The Veils: Passing Prayers • Pardo De Leon

Nov 11 to Dec 4, 2014 • Upstairs Gallery

“I paint in order not to cry.”
—Paul Klee

Engaging in reworking as remembrance, Pardo de Leon presents an exhibition of new paintings based on the late Roberto Chabet’s Head Collages: a series of works produced in the late 1980s.

Collage has been part of Chabet’s artistic output since the 1960s: a form that has seamlessly spanned both the formalist and the conceptual aspects of his practice. Finding solace in painting as a way of coming to terms with Chabet’s passing in 2013, de Leon faithfully recreates several of his collage on paper works, re-exhibited in recent years. She then alters them through the addition of disparate and symbolic elements: in the ensuing works, an inverted tree—alluding to the origin of divinity—intersects with Chabet’s paper patterns; ornate cruciforms rest on flat planes of envelopes, left open; a labyrinth deliberate cuts through and leaves its mark on empty, random space.

In this series, De Leon approaches painting as prayer: a way of committing to the visual what remains unsaid and unspoken. By going over and reworking found images from Chabet’s existing archive of collages, de Leon subtly creates interventions in the existing compositions. By instinctively using muted metaphors and personal symbols, she revisits and reconnects with what remains of the past—akin to resuming where a conversation left off or creating new memories from existing ones.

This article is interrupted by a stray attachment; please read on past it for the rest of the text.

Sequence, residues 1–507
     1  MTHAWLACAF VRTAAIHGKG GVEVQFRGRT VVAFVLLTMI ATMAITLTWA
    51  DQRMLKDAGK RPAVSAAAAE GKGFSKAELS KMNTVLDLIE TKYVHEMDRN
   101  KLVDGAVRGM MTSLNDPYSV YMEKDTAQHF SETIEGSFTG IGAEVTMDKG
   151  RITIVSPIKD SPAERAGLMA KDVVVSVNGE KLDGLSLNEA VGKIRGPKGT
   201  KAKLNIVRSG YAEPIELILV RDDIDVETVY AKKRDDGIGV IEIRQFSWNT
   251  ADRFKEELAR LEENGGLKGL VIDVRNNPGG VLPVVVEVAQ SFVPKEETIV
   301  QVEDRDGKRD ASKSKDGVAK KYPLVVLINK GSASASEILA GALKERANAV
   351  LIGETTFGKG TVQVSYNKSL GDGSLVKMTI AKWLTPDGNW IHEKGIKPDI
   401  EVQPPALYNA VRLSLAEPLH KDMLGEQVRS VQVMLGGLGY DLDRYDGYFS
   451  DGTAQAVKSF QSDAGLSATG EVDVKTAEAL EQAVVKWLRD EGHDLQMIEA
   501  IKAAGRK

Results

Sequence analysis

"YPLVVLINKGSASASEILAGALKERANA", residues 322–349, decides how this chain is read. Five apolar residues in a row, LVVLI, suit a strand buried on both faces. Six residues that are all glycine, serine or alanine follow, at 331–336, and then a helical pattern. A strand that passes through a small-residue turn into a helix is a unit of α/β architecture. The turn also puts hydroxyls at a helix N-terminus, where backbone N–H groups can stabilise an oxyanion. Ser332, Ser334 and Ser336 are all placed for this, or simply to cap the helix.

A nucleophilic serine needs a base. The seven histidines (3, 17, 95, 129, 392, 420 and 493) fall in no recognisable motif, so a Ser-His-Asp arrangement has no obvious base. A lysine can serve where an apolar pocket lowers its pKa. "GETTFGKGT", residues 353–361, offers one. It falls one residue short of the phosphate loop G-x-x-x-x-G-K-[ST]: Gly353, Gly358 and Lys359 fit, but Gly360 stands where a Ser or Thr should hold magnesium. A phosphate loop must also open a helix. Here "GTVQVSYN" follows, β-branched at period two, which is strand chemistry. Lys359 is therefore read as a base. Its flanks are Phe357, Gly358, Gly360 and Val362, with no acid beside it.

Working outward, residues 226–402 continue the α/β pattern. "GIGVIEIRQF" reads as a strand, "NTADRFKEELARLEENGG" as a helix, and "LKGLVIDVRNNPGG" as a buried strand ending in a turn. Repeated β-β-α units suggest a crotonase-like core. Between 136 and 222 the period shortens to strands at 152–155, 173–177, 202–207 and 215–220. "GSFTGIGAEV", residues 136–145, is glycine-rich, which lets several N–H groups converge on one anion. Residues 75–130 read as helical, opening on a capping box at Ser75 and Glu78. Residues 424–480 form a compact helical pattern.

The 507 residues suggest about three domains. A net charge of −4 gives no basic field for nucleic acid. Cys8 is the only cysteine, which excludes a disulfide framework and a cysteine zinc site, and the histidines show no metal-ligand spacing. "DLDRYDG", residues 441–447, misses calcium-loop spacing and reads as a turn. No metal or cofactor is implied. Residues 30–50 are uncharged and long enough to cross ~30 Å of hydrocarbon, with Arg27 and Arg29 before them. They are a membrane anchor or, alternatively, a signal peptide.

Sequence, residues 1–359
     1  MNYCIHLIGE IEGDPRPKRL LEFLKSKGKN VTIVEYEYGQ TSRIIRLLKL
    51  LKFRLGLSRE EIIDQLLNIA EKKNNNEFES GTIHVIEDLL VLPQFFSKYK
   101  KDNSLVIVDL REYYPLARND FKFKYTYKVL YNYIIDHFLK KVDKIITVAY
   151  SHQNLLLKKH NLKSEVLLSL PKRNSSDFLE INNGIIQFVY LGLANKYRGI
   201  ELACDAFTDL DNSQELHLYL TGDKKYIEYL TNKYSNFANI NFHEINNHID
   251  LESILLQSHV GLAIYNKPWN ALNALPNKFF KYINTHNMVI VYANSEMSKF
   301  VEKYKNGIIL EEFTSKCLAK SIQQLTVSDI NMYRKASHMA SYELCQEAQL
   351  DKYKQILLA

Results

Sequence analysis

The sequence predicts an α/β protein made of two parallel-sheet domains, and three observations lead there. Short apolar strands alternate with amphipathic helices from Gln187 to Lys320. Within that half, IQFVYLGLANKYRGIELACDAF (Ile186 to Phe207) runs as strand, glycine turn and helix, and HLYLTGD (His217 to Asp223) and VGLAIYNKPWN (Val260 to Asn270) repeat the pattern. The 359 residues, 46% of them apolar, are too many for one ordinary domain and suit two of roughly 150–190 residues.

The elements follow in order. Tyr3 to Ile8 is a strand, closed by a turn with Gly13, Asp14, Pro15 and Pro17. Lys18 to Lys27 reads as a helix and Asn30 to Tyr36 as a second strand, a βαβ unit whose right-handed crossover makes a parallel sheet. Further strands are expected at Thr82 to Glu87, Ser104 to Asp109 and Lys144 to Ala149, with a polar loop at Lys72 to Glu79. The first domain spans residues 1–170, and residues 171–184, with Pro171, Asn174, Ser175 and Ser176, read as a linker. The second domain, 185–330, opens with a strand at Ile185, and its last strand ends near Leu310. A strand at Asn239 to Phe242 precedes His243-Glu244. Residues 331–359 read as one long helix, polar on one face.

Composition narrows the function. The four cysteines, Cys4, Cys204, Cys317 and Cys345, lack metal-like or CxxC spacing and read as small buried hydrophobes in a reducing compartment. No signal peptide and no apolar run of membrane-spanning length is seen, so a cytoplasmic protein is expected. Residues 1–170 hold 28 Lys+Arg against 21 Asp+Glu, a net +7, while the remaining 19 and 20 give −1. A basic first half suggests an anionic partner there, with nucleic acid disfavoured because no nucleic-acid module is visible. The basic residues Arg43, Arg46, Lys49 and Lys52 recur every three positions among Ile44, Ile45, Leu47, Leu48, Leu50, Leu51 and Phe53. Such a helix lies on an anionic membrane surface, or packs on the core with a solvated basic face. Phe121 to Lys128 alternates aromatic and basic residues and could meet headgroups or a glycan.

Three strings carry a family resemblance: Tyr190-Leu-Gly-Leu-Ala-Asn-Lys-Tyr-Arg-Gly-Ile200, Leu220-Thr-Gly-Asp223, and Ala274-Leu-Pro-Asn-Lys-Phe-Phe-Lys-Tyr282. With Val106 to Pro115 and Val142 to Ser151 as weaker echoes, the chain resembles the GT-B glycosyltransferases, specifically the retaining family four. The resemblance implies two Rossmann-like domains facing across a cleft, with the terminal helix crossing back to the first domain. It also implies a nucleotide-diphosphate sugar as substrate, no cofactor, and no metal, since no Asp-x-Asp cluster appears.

Chabet once acknowledged the element of nostalgia in his collage works, pointing out how its various components such as paper may vanish while its found photographs may again find themselves in other collages, in the due passage of time. De Leon quietly takes off from these reflections, setting into motion a new cycle of persistence and rebirth.

—Lisa Ito